Here’s the thing with passion though. People don’t get passionate about shit. You can try using a bunch of smoke and mirrors but if your script’s bad, no amount of cheerleading’s going to get you followers. So having success in the fourth tier usually dictates a minimum amount of quality. The higher the quality your script is, then, the more likely your passion will catch on with others, and the easier it will be to get your script through the system.

Which brings us back to Devil In You. Devil in You, I believe, meets the minimum level of quality required for a Tier 4 project. It’s a solid script, in the vein of movies like Goodfellas and The Godfather, about a guy moving up inside a crime organization, with a unique spin in that it’s set in South Africa and has an unlikely hero.

So why isn’t it a sure thing yet? My feeling is that it’s not big enough. If you look at films like The Godfather and Goodfellas, you got the feeling that our characters were moving up higher and higher into a bigger and bigger world. Just the other day I was talking about how you never want the word “small” in your logline. Nobody makes a movie about “small.” And yet that’s how this feels to me. It’s a relatively small gang and it never grows. With some minor exceptions near the end, I never felt like the crimes they pulled got any bigger, any badder. Cassius definitely moves up within the gang, but I’m not sure that matters if the gang’s influence within the community itself doesn’t grow.

Also, I didn’t really know where the script was going. It didn’t seem to be driving towards that big climax. Again, it felt stagnant, like the gang was just going from one average robbery to the next. For example, your typical heist movie will have the “big last heist.” So we have something to look forward to. Or if you don’t have that, then you at least have to have the feeling that things are getting bigger and that they’re coming to a head. Like I was saying the other day, you need to feel like the balloon’s blowing up. I’m not sure I ever felt that here.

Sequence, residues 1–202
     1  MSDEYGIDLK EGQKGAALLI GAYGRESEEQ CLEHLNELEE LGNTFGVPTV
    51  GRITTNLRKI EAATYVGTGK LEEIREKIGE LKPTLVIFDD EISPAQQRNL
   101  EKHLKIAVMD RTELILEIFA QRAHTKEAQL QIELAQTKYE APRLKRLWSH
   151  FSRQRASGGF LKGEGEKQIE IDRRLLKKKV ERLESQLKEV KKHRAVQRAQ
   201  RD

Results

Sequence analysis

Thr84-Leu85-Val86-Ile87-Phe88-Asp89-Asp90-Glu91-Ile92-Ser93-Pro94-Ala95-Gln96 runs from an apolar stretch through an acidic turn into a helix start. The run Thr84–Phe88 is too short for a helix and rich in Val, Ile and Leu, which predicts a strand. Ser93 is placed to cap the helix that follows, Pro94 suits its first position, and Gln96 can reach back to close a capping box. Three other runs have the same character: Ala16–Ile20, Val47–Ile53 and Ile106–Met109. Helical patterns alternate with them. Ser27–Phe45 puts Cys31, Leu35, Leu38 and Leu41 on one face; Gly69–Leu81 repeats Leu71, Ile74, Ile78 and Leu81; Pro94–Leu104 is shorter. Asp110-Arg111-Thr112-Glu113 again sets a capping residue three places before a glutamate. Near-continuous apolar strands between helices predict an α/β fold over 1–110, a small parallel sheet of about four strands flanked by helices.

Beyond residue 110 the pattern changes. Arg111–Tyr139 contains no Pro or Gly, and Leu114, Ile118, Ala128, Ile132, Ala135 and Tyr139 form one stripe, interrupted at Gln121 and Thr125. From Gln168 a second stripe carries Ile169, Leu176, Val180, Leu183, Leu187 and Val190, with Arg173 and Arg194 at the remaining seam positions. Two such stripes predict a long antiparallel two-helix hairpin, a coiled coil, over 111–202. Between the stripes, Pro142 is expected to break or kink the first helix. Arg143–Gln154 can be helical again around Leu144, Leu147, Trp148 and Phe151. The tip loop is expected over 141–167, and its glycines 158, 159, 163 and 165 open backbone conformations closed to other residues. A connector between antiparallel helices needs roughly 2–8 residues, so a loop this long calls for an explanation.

So if I were advising Ned on this particular project – helping him find a way to get this made, I’d tell him to think bigger. Have this gang grow more with each robbery. Just like all these crime movies, show Cassius move his way up the ladder until he’s a serious badass. I guess that’s another problem I had. I never saw Cassius as anything other than that traveller. I never saw him truly lose himself in this world. And I think that’s because Ned was constantly pumping the breaks.

As far as some personal opinions, I’d make Jessica Jacque’s girlfriend, and have her and Cassius have to sneak around.  I’d also ditch the Robin Hood stuff.  If we’re going to make these guys bad, let’s make them bad.  Let’s have Cassius truly have to cross over into a brutal world.  True, the Robin Hood stuff makes Jacques and his outfit more interesting, but I think it limits the gang in how far they can go.  That’s how I’d attack it if I were him.

So to summarize, the less impressive the script is, the more passion will be needed to get it made. You can either try to supply that passion yourself and be the biggest cheerleader in the world, or you can get back to work on the script and let it do the work for you. I think Ned’s a really good writer. I just think this script needs to feel bigger. It needs to build more. What do you guys think?

Script link: Devil In You

[ ] what the hell did I just read?
[x] wasn’t for me
[ ] worth the read
[ ] impressive
[ ] genius

What I learned 1: It’s hard to cast 20-somethings (especially early 20-somethings) to carry a movie.  Studios are reluctant to do it unless it’s a high school or college film.  It’s not that it’s never done, but in genres like crime, they typically like someone older.

What I learned 2: You want to make your writing easy on the eyes. You want to make it a pleasing read. The excessive use of dashes and capitals made for a harder read than usual here. As someone who had just read two really easy-to-read scripts, this stuck out. Here’s a sample of what I mean.  This hurt my eyes.

Screen Shot 2014-10-09 at 10.28.05 PM

  • klmn

    I read the beginning of the script and I found nothing appealing or interesting about the characters.

    And stealing a bottle of champagne isn’t much of a hook.

    • peisley

      Agree about the champagne hook. I’m confused as to why this is a catalyst for them to be targeted. I, too, only read the beginning. So, if there’s more to this, I apologize.

      • carsonreeves1

        While I understand what Ned is going for (creating this feeling of fun, excitement, and adventure with our two characters), I agree this opening scene is lacking. There’s nothing special or unique or intriguing about it. That needs to change.

        • Randy Williams

          And it takes place in Brazil during Carnival.

          I think with any location, you have to make the reader really want to be there or really not want to be there. There should be no middle ground.

          For such an exotic location, I was stuck in the middle ground on this one. Not a good place.

        • klmn

          Compare Ned’s opening with the opening sequence of The Wild Bunch that sets the stage for the whole movie.